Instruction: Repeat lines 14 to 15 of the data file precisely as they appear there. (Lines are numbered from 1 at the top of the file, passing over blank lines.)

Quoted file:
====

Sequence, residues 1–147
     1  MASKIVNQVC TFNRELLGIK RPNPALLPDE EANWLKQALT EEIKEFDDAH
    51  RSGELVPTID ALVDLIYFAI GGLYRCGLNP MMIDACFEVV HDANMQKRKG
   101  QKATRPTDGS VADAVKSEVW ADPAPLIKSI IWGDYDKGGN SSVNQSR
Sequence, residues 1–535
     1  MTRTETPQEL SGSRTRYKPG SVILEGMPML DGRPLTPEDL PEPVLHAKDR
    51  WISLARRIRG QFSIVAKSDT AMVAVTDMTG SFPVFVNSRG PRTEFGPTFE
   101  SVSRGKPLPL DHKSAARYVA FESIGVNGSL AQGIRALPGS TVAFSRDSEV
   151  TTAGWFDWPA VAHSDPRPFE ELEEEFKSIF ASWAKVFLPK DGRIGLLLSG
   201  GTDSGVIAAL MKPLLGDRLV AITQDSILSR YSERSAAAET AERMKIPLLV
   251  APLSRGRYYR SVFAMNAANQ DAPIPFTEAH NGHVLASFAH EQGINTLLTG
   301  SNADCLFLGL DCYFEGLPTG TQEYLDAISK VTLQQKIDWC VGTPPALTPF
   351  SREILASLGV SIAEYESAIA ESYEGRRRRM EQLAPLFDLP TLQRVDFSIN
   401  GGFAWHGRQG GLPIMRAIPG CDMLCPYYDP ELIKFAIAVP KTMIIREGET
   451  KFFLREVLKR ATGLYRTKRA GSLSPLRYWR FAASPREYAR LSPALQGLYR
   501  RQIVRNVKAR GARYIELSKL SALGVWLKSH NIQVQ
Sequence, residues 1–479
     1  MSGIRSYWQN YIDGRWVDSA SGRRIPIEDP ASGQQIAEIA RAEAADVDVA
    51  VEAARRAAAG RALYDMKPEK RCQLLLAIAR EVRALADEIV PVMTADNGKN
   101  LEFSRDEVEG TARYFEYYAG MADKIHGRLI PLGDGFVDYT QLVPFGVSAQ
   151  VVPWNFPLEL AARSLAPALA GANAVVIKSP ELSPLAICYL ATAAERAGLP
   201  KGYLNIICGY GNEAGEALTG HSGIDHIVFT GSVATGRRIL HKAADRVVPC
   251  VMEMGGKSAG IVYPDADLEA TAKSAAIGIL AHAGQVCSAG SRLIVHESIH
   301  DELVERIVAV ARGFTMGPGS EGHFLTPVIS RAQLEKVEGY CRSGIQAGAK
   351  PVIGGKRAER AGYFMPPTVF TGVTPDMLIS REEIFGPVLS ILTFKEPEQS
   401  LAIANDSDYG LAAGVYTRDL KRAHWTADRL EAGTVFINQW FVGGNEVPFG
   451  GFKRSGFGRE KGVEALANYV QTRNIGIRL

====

   401  GGFAWHGRQG GLPIMRAIPG CDMLCPYYDP ELIKFAIAVP KTMIIREGET
   451  KFFLREVLKR ATGLYRTKRA GSLSPLRYWR FAASPREYAR LSPALQGLYR